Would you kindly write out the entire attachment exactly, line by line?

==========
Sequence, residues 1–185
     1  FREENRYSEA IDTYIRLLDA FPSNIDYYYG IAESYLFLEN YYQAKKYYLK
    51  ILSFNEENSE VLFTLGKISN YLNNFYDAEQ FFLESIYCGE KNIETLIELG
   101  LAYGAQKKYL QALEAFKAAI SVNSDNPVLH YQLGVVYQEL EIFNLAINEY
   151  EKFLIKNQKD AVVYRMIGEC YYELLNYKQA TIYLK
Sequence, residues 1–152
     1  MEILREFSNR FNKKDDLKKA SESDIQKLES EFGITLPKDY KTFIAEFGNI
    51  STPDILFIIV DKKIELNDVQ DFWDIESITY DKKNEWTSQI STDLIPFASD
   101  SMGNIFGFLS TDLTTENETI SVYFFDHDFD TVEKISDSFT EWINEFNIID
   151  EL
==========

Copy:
Sequence, residues 1–185
     1  FREENRYSEA IDTYIRLLDA FPSNIDYYYG IAESYLFLEN YYQAKKYYLK
    51  ILSFNEENSE VLFTLGKISN YLNNFYDAEQ FFLESIYCGE KNIETLIELG
   101  LAYGAQKKYL QALEAFKAAI SVNSDNPVLH YQLGVVYQEL EIFNLAINEY
   151  EKFLIKNQKD AVVYRMIGEC YYELLNYKQA TIYLK
Sequence, residues 1–152
     1  MEILREFSNR FNKKDDLKKA SESDIQKLES EFGITLPKDY KTFIAEFGNI
    51  STPDILFIIV DKKIELNDVQ DFWDIESITY DKKNEWTSQI STDLIPFASD
   101  SMGNIFGFLS TDLTTENETI SVYFFDHDFD TVEKISDSFT EWINEFNIID
   151  EL